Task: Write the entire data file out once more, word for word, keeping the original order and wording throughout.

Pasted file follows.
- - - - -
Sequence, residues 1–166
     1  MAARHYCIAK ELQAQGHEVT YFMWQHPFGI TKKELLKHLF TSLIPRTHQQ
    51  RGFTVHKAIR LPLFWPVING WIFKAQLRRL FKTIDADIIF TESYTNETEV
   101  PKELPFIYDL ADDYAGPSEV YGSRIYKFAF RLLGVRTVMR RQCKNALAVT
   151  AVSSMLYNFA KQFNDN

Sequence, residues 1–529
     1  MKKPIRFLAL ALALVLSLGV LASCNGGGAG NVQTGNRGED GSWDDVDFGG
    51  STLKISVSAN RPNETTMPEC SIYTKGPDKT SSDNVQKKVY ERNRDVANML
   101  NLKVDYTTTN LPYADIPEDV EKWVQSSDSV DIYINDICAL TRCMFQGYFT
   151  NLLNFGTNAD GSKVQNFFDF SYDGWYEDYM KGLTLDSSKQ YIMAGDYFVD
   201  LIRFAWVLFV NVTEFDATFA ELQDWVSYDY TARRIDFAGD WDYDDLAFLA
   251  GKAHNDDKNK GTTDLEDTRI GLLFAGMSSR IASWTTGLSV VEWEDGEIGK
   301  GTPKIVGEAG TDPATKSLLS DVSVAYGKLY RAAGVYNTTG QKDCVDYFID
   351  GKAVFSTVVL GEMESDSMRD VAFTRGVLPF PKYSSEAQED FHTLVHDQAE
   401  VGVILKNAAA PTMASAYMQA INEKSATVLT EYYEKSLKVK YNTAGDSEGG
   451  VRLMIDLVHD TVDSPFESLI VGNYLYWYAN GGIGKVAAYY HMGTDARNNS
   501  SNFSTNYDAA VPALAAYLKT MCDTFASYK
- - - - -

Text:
Sequence, residues 1–166
     1  MAARHYCIAK ELQAQGHEVT YFMWQHPFGI TKKELLKHLF TSLIPRTHQQ
    51  RGFTVHKAIR LPLFWPVING WIFKAQLRRL FKTIDADIIF TESYTNETEV
   101  PKELPFIYDL ADDYAGPSEV YGSRIYKFAF RLLGVRTVMR RQCKNALAVT
   151  AVSSMLYNFA KQFNDN

Sequence, residues 1–529
     1  MKKPIRFLAL ALALVLSLGV LASCNGGGAG NVQTGNRGED GSWDDVDFGG
    51  STLKISVSAN RPNETTMPEC SIYTKGPDKT SSDNVQKKVY ERNRDVANML
   101  NLKVDYTTTN LPYADIPEDV EKWVQSSDSV DIYINDICAL TRCMFQGYFT
   151  NLLNFGTNAD GSKVQNFFDF SYDGWYEDYM KGLTLDSSKQ YIMAGDYFVD
   201  LIRFAWVLFV NVTEFDATFA ELQDWVSYDY TARRIDFAGD WDYDDLAFLA
   251  GKAHNDDKNK GTTDLEDTRI GLLFAGMSSR IASWTTGLSV VEWEDGEIGK
   301  GTPKIVGEAG TDPATKSLLS DVSVAYGKLY RAAGVYNTTG QKDCVDYFID
   351  GKAVFSTVVL GEMESDSMRD VAFTRGVLPF PKYSSEAQED FHTLVHDQAE
   401  VGVILKNAAA PTMASAYMQA INEKSATVLT EYYEKSLKVK YNTAGDSEGG
   451  VRLMIDLVHD TVDSPFESLI VGNYLYWYAN GGIGKVAAYY HMGTDARNNS
   501  SNFSTNYDAA VPALAAYLKT MCDTFASYK